Health care is the prevention, treatment, and management of illness and the preservation of mental health through the services offered by the medical, nursing, and allied health professions. Health care embraces all the goods and services designed to promote health, including “preventive, curative and palliative interventions, whether directed to individuals or to populations”. The organised provision of such services may constitute a health care system. This can include specific governmental organizations such as, in the UK, the National Health Service or a cooperation across the National Health Service and Social Services as in Shared Care. Before the term "health care" became popular, English-speakers referred to medicine or to the health sector and spoke of the treatment and prevention of illness and disease.
In most developed countries and many developing countries health care is provided to everyone regardless of their ability to pay. The National Health Service, established in 1948 by Clement Atlee's Labour government in the United Kingdom, were the world's first universal health care system provided by government and paid for from general taxation. Alternatively, compulsory government funded health insurance with nominal fees can be provided, as in Italy. Other examples are Medicare in Australia, established in the 1970s by the Labor government, and by the same name Medicare was established in Canada between 1966 and 1984. Universal health care contrasts to the systems like health care in the United States or South Africa, though South Africa is one of the many countries attempting health care reform. The United States is the only wealthy, industrialized nation that does not provide universal health care.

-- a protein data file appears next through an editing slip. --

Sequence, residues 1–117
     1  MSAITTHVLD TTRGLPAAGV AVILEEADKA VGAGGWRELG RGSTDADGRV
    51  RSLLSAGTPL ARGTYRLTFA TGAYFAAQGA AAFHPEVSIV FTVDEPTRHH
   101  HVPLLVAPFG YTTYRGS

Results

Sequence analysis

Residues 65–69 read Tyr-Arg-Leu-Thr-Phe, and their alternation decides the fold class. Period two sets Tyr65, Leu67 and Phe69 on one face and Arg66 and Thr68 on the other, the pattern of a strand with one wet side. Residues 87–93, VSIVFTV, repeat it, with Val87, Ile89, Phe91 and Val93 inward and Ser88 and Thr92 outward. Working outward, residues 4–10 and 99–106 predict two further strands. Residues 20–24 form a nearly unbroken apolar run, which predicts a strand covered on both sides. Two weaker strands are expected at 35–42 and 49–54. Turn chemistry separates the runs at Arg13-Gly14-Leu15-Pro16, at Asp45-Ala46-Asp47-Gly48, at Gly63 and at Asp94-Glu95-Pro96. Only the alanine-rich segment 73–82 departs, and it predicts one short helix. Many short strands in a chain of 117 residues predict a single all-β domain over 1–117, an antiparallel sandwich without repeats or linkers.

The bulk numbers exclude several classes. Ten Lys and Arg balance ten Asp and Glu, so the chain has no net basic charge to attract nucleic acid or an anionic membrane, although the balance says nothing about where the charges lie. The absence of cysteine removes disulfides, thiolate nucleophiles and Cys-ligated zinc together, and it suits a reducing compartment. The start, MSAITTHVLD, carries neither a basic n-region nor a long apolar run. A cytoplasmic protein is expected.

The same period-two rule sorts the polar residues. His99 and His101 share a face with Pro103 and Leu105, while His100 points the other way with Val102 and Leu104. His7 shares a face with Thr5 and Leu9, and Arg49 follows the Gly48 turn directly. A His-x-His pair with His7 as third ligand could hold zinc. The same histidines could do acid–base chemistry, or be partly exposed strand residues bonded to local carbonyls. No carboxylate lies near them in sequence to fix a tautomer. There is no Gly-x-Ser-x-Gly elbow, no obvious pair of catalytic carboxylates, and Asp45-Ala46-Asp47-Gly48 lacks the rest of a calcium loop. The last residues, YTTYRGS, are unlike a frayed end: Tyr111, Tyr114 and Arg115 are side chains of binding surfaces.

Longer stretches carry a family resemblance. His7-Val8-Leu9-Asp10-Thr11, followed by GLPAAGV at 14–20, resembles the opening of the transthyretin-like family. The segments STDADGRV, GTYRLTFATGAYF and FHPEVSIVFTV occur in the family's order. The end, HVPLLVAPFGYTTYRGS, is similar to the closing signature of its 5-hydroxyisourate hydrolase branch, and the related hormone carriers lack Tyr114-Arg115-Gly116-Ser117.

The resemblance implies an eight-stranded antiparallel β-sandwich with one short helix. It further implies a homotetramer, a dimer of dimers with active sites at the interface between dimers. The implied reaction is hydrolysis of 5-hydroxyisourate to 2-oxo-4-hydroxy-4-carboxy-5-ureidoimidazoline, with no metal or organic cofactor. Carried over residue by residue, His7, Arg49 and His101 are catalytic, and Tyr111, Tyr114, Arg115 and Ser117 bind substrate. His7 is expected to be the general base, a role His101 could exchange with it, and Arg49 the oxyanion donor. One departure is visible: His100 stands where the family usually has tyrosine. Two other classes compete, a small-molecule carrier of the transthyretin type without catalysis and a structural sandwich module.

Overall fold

Consuming over 10 percent of gross domestic product of most developed nations, health care can form an enormous part of a country's economy. In 2003, health care costs paid to hospitals, physicians, nursing homes, diagnostic laboratories, pharmacies, medical device manufacturers and other components of the health care system, consumed 16.3 percent of the GDP of the United States, the largest of any country in the world. For the United States, the health share of gross domestic product (GDP) is expected to hold steady in 2006 before resuming its historical upward trend, reaching 19.5 percent of GDP by 2016. In 2001, for the OECD countries the average was 8.4 percent with the United States (13.9%), Switzerland (10.9%), and Germany (10.7%) being the top three.
A single-payer universal health care system will save money through reduced bureaucratic administration costs. Social health insurance is where the whole population or most of the population is a member of a sickness insurance company. Most health services are provided by private enterprises which act as contractors, billing the government for patient care. In almost every country with a government health care system a parallel private system is allowed to operate. This is sometimes referred to as two-tier health care. The scale, extent, and funding of these private systems is very variable.
A traditional view is that improvements in health result from advancements in medical science. The medical model of health focuses on the eradication of illness through diagnosis and effective treatment. In contrast, the social model of health places emphasis on changes that can be made in society and in people's own lifestyles to make the population healthier. It defines illness from the point of view of the individual's functioning within their society rather than by monitoring for changes in biological or physiological signs.